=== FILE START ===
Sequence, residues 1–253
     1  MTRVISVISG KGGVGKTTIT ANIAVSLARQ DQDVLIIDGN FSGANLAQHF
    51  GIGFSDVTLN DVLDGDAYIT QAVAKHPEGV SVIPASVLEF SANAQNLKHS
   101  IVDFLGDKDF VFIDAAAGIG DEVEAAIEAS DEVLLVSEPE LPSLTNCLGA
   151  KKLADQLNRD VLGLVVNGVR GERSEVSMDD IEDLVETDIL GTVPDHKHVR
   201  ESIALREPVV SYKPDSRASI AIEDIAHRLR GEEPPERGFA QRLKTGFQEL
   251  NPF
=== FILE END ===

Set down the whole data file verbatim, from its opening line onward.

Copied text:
Sequence, residues 1–253
     1  MTRVISVISG KGGVGKTTIT ANIAVSLARQ DQDVLIIDGN FSGANLAQHF
    51  GIGFSDVTLN DVLDGDAYIT QAVAKHPEGV SVIPASVLEF SANAQNLKHS
   101  IVDFLGDKDF VFIDAAAGIG DEVEAAIEAS DEVLLVSEPE LPSLTNCLGA
   151  KKLADQLNRD VLGLVVNGVR GERSEVSMDD IEDLVETDIL GTVPDHKHVR
   201  ESIALREPVV SYKPDSRASI AIEDIAHRLR GEEPPERGFA QRLKTGFQEL
   251  NPF